The US Food and Drug Administration has declared Medtronic’s recall of seven models of defibrillating cardiac rhythm devices, due to a risk for premature battery depletion, as Class I, which implies a potential risk for serious injury or death. A total of 444 complaints, but no deaths, have been reported in association with the 239,171 affected devices, the agency said in a statement today.
Physicians were notified of the company’s recall in early February. It covered implantable cardioverter defibrillator (ICD) and cardiac resynchronization therapy-defibrillator (CRT-D) models Evera, Viva, Brava, Claria, Amplia, Compia, and Visia distributed from August 31, 2012 to May 9, 2018.
The devices could be subject to “an unexpected and rapid decrease in battery life” due to a possible short circuit that could lead to a device-replacement alert “earlier than expected.” Some devices may experience full battery depletion “within as little as one day” after such an alert.
The FDA has identified this as a Class I recall, the most serious type of recall. Use of these devices may cause serious injuries or death.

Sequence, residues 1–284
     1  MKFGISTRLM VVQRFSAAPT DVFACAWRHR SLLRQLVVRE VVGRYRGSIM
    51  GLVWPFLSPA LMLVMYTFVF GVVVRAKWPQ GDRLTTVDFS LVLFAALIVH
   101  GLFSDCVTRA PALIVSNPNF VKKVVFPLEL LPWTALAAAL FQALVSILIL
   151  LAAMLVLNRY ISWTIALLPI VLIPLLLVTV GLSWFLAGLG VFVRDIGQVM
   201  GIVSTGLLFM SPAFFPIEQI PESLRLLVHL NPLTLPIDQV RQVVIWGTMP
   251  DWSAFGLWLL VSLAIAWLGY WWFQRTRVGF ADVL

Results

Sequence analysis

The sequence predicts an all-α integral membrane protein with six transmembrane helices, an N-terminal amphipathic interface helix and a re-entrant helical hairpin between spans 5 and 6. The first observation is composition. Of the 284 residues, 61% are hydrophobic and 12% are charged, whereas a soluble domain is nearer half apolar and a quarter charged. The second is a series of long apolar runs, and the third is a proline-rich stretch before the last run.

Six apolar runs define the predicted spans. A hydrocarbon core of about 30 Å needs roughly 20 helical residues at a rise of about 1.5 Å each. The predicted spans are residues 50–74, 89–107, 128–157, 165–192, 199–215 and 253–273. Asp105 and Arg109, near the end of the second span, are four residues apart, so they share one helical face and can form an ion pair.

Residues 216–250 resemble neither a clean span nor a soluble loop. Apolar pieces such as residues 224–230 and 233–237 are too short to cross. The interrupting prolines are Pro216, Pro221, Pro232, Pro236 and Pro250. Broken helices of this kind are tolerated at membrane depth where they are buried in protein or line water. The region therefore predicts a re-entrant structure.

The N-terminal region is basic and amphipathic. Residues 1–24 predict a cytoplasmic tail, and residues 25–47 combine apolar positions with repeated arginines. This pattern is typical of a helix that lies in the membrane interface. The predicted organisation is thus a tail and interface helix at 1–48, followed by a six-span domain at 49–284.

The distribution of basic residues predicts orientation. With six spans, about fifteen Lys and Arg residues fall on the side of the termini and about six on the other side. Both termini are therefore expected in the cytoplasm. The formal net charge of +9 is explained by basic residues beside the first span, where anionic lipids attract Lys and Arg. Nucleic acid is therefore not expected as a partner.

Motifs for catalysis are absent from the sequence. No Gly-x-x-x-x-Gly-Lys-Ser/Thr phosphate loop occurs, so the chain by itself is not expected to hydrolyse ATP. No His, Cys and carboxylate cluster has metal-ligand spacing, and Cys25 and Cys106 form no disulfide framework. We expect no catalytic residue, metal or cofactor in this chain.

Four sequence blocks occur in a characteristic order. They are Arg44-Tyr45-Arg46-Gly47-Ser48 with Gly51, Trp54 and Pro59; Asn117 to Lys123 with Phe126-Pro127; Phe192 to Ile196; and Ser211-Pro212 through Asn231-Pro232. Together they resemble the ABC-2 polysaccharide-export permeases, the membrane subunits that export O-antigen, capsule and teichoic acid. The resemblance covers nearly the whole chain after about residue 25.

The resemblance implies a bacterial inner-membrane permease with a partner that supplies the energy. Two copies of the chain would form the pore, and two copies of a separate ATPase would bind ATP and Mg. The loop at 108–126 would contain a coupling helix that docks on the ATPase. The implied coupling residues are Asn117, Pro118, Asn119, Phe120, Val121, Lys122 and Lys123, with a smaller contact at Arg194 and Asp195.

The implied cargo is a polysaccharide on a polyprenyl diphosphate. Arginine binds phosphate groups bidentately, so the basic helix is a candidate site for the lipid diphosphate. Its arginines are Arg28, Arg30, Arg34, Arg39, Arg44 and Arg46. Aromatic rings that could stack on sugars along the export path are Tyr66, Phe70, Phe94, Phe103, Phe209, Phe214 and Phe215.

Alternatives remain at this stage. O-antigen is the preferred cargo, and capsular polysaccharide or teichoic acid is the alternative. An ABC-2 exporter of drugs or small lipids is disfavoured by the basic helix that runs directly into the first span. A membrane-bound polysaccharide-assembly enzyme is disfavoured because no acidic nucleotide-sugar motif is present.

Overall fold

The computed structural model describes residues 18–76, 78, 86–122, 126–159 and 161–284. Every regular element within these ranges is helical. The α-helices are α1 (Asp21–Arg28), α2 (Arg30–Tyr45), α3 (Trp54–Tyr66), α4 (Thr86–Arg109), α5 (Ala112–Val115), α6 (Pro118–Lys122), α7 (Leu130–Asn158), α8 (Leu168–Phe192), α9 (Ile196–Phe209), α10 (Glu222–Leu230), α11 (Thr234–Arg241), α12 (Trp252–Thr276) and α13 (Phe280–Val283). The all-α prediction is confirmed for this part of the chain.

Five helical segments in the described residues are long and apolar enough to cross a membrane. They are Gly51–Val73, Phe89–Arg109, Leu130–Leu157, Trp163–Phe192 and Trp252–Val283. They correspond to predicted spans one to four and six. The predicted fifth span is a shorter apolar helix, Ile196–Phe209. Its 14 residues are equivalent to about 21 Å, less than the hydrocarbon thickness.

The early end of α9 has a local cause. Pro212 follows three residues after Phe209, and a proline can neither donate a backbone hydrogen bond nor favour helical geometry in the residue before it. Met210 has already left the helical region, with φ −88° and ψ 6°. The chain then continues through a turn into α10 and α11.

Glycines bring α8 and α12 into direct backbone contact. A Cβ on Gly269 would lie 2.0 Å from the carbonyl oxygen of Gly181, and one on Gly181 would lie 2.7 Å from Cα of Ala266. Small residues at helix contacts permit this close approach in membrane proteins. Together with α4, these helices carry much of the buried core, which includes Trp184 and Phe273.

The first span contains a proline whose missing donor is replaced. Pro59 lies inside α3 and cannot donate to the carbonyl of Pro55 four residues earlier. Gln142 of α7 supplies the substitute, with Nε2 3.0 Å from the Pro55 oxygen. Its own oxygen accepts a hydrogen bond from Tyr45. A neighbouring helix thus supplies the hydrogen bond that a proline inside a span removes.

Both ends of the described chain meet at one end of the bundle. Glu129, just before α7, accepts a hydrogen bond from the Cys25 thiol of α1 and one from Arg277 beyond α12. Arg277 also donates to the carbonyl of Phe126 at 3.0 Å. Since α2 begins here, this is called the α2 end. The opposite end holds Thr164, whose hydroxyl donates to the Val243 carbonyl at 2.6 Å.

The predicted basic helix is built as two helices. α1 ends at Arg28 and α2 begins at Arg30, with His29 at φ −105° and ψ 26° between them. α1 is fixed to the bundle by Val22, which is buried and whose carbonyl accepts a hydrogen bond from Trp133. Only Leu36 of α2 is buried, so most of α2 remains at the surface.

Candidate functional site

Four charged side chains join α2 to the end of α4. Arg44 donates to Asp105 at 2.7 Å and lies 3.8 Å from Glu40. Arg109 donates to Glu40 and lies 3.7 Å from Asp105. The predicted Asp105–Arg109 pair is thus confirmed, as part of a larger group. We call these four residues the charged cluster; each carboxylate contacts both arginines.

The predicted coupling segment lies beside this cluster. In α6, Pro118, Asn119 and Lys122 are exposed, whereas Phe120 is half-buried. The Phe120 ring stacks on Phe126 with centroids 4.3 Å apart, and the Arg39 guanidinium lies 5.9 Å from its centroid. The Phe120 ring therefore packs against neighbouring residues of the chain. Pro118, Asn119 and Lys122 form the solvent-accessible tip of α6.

Medtronic’s Evera, Viva, Brava, Claria, Amplia, Compia, and Visia Implantable Cardioverter Defibrillators (ICDs) and Cardiac Resynchronization Therapy (CRT-Ds) are devices that provide pacing for slow heart rhythms, and electrical shock or pacing to stop dangerously fast heart rhythms.
ICDs and CRT-Ds are both implanted under the skin in the upper chest area with connecting insulated wires called “leads” that go into the heart. A person may need an ICD or CRT-D if their heartbeat is too slow (bradycardia), too fast (tachycardia), or needs coordination to treat heart failure.
Medtronic is recalling the specified ICDs and CRT-Ds due to an unexpected and rapid decrease in battery life. The decrease in battery life is caused by a short circuit and will cause some devices to produce a “Recommended Replacement Time” (first warning that the battery is low) earlier than expected. Some devices may progress from “Recommended Replacement Time” to full battery depletion within as little as one day.
If the user does not respond to the first warning, the device may stop functioning. The likelihood that this issue will occur is constant after approximately three years after device use.
There have been 444 complaints regarding these devices. There are 264 Medical Device Reports, with 18 injuries including people experiencing bradycardia (slow heart rhythm) or heart failure symptoms. Zero deaths have been reported.